In his defense of “Accidental Racist,” Scherstuhl imagines millions of country fans soaking the song in, and gradually becoming more tolerant of black people. It seems just as possible that those fans will absorb all the wrong things from “Accidental Racist”—and there are plenty of wrong things to absorb. Starting with its ideas about the past and personal responsibility, which remind me of a scene in West Side Story: The old shopkeeper Doc furiously says to the young Jets, who are feuding with the rival Puerto Rican Sharks, “You make this world lousy!” “That’s the way we found it, Doc,” one of the gang members sheepishly replies. Sure, the sin of American slavery is in the past, but racism neither begins nor ends with that practice. In the song, Paisley says we’re “fightin’ over yesterday … siftin’ through the rubble after a hundred-fifty years.” Thus he jumps from Reconstruction to the present, as though Jim Crow never happened, as though overt racist don’t happen anymore, as though, in 2013, there aren’t still high school students trying to integrate their prom. Racism—in schools, in the court room, in the hiring process, and elsewhere—still exists, and shouldn’t be dismissed as black people failing to get over something that happened “a hundred-fifty years” ago.
More baffling than Paisley’s well-intended ignorance, though, is the involvement of Cool J, who usually comes off as a likeable and competent hip-hop veteran. In his verse, Cool J implores “Mr. White Man” to understand that, while his chains are gold and his pants are sagging, that doesn’t mean he’s a hoodlum. As the representative of all black American males, Cool J just wants to “buy you a beer, conversate and clear the air,” but that white cowboy hat makes him uncomfortable. Cool J is apparently on board with the idea that the problem between whites and blacks today is based solely on a grudge, as if there aren’t any legitimate reasons these tensions would exist today. “If you don’t judge my gold chains/ I’ll forget the iron chains,” he says, in what may be the song’s single most jaw-dropping rhyme. Putting aside, for a moment, the fact that slavery should not be forgotten, there is, of course, a stunningly wrongheaded equivalency here (and it is not the only one in this song). It should not be necessary to point out that the horrors of slavery are not on the same plane as the sartorial choices of some black males.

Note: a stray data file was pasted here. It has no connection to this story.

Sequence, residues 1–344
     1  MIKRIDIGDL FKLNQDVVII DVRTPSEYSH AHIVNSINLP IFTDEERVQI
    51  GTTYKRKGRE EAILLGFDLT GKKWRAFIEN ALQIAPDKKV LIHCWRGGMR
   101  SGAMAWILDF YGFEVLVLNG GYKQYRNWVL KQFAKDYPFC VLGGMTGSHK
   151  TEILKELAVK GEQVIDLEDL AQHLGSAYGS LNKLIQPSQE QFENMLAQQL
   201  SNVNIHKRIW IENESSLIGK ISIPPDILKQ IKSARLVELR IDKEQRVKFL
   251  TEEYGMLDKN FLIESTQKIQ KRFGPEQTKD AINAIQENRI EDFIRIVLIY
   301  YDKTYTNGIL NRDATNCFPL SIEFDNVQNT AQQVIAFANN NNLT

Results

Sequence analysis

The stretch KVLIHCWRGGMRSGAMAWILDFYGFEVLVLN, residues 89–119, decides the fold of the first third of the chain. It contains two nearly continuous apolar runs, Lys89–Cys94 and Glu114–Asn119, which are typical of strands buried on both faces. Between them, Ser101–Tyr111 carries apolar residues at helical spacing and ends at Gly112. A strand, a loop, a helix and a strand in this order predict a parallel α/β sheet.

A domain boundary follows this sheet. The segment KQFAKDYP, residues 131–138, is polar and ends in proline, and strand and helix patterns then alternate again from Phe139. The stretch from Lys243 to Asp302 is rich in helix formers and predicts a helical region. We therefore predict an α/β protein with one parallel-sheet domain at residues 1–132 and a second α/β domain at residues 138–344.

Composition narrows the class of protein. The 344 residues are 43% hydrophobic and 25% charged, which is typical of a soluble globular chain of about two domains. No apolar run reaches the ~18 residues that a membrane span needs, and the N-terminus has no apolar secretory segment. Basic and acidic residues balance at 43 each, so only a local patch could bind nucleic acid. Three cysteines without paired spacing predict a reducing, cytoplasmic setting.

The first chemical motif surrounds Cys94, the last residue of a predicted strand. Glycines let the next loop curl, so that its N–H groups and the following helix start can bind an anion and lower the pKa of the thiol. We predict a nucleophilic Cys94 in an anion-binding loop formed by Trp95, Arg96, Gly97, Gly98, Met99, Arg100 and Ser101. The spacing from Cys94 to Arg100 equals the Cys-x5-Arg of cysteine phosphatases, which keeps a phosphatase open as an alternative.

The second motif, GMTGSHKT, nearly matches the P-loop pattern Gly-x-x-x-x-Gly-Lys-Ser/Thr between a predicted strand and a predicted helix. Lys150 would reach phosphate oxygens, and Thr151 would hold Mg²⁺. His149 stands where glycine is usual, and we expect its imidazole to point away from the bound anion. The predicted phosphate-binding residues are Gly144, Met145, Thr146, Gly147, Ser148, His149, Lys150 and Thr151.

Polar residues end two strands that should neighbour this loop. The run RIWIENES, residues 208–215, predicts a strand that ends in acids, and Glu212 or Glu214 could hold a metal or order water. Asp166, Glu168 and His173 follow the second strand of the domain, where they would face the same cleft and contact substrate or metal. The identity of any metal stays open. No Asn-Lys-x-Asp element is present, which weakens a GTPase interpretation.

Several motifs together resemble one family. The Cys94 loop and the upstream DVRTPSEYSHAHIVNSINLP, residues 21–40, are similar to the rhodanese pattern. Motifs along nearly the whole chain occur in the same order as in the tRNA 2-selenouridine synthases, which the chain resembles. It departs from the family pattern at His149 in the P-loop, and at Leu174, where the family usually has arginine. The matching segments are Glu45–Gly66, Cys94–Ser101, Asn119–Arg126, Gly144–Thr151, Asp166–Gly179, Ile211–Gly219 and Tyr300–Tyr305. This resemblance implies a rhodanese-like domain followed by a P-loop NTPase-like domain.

Apparently it is. Chains, sagging pants, cowboy hats, red flags: To Paisley and Cool J, the social meaning of fashion plays an out-sized role in racial misunderstandings. This, of course, is an incredibly superficial—and, ultimately, even dismissive—attitude to take toward racism. Paisley and Cool J want to bring us all together, clearly, and that’s an admirable goal. But when that effort ends with LL Cool J saying, “RIP Robert E. Lee,” the cause has been utterly lost, again.